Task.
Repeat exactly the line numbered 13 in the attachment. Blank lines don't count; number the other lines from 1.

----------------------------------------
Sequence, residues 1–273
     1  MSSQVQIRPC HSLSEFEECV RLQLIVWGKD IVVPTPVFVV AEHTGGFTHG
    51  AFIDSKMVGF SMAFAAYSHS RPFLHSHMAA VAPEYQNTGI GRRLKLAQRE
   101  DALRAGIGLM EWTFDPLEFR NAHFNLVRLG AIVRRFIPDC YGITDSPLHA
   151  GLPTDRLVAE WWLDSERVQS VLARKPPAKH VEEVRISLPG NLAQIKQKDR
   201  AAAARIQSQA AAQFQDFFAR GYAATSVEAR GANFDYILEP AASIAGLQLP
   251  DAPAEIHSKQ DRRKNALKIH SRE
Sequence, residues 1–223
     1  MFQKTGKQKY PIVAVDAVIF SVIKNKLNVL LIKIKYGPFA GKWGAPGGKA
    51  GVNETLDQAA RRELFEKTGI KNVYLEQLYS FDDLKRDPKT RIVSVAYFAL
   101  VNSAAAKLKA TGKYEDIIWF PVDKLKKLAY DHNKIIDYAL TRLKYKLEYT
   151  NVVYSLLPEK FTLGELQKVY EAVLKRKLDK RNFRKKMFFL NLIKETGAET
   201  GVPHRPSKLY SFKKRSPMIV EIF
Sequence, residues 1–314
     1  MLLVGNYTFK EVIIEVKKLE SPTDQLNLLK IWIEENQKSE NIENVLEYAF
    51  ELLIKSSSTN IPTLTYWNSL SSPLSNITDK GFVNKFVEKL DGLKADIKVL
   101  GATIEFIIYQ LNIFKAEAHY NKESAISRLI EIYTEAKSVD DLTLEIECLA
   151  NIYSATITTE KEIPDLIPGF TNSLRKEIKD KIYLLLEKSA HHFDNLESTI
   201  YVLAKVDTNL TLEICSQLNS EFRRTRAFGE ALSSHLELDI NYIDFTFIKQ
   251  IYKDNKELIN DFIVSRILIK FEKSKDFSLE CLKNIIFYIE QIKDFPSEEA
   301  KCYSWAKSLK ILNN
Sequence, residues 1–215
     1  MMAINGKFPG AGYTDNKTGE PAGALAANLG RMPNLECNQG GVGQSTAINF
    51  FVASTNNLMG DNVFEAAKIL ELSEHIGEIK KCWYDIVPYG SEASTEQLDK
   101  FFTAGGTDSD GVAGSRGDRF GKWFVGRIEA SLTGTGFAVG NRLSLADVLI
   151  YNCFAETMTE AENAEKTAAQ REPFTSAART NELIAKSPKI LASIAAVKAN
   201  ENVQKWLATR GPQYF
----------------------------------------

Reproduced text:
   201  GVPHRPSKLY SFKKRSPMIV EIF